Chase Budinger has been cleared by doctors to return to the Minnesota Timberwolves; this doesn’t mean he’ll be playing in their next game, but he will return to practice. After missing most of last season due to injury, Budinger will rejoin a healthy Wolves squad that has been dominant thus far. Just where and how does Budinger fit in, though, on a team that’s been doing so well without him?
This summer, Budinger was slated to be the Wolves’ starting small forward, but his offseason surgery allowed Corey Brewer to begin the season as a starter. Brewer has excelled in his role, becoming a favorite target for pass-happy Ricky Rubio and Kevin Love. Brewer also adds something that is sorely missing from the Timberwolves’ lineup — perimeter defense.
Budinger adds something else that’s sorely missing, though, as an above average three point shooter. Unlike many three point specialists, Budinger is athletic and can score in many ways. The Wolves desperately need scoring off the bench, and if that’s where Budinger ends up, he should still be a tremendous help.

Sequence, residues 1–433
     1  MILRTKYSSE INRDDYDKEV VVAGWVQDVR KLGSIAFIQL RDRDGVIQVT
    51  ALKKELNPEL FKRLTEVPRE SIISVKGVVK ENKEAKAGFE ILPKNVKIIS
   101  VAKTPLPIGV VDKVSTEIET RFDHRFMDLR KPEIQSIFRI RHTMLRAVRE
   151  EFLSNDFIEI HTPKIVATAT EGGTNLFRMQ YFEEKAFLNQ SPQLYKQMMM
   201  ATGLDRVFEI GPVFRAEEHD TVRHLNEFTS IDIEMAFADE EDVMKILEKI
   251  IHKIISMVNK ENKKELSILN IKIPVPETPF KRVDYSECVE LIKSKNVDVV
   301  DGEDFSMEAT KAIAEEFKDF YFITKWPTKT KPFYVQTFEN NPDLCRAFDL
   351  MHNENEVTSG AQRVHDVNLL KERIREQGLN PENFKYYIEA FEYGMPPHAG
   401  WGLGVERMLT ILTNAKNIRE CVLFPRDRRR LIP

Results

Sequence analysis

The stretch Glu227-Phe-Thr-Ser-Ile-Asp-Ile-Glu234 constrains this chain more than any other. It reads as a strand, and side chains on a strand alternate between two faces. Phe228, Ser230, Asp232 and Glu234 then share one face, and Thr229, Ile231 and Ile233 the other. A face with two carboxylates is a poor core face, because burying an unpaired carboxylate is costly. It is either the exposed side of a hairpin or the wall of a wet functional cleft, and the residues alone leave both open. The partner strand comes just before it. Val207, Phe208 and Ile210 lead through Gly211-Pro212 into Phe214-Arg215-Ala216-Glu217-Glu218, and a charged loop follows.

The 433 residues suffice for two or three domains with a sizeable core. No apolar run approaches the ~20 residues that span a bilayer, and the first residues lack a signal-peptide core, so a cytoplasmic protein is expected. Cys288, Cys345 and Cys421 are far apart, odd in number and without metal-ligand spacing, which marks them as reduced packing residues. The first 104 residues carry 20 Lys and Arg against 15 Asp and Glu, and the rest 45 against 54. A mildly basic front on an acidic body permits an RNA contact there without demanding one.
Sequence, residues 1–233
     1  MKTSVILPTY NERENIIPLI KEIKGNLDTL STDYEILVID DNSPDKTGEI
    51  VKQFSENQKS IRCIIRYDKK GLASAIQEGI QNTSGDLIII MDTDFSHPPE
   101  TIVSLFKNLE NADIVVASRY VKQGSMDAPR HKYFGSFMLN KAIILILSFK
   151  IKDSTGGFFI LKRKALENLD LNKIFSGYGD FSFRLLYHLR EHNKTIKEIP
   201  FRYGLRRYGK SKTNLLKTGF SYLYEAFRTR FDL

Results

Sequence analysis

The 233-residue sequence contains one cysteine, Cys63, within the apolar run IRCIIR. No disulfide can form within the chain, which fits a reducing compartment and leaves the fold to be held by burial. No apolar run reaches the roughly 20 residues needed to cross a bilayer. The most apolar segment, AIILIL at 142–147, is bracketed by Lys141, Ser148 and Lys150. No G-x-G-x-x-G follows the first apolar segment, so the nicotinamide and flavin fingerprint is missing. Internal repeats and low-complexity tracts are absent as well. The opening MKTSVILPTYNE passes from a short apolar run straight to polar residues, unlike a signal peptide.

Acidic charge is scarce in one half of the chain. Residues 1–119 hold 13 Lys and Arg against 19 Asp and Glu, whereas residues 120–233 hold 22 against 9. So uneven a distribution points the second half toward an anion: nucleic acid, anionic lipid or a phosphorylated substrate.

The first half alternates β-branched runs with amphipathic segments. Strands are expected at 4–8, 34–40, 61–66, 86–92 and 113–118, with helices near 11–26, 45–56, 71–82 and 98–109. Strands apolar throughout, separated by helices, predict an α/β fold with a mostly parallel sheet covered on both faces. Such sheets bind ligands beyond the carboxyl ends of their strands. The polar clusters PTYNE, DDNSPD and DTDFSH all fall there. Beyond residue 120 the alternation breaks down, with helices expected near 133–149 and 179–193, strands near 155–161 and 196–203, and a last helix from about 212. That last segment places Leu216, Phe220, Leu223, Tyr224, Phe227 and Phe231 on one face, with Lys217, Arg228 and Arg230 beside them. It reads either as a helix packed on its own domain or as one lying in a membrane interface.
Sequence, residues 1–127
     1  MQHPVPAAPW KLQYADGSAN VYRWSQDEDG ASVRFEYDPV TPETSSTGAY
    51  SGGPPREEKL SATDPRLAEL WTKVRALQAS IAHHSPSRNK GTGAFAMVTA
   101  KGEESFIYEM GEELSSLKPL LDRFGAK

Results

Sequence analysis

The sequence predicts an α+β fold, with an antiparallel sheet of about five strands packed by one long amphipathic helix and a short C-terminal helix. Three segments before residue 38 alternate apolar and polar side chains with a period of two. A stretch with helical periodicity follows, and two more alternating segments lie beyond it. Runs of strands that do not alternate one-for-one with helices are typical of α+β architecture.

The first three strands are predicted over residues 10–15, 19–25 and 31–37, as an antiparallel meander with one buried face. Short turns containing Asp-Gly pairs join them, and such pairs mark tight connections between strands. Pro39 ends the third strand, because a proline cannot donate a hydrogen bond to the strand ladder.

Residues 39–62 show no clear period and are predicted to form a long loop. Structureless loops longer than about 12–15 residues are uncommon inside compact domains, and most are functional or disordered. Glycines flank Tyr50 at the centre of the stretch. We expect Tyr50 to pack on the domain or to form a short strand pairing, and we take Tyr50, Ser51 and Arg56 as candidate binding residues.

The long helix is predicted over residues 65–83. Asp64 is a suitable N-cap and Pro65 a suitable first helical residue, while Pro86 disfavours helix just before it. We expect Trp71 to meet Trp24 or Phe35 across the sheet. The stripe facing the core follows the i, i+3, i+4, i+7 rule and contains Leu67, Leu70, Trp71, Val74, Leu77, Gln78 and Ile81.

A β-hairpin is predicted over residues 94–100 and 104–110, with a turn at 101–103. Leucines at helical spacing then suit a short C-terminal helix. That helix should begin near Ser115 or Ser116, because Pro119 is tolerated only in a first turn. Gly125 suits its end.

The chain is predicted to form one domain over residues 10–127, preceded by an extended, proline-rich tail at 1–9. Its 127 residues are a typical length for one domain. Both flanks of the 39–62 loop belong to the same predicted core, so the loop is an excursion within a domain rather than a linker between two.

Both Brewer and Budinger have played the majority of their career minutes off the bench, so neither would likely have a problem doing so again. Budinger’s return causes a bit of a logjam at the small forward position, however. Derrick Williams is trying to play as a three this year, and rookies Robbie Hummel and Shabazz Muhammad are also small forwards. With Budinger back in the mix, those three will see less time, impeding the development of the rookies and lessening Williams’ trade stock.
Still, Budinger’s return should help the Wolves, as they look to return to the playoffs. Depth has been their biggest problem so far, and whether Budinger or Brewer end up coming off the bench, either will be an improvement. Look for Budinger to come on slowly, but eventually challenge for the starting role.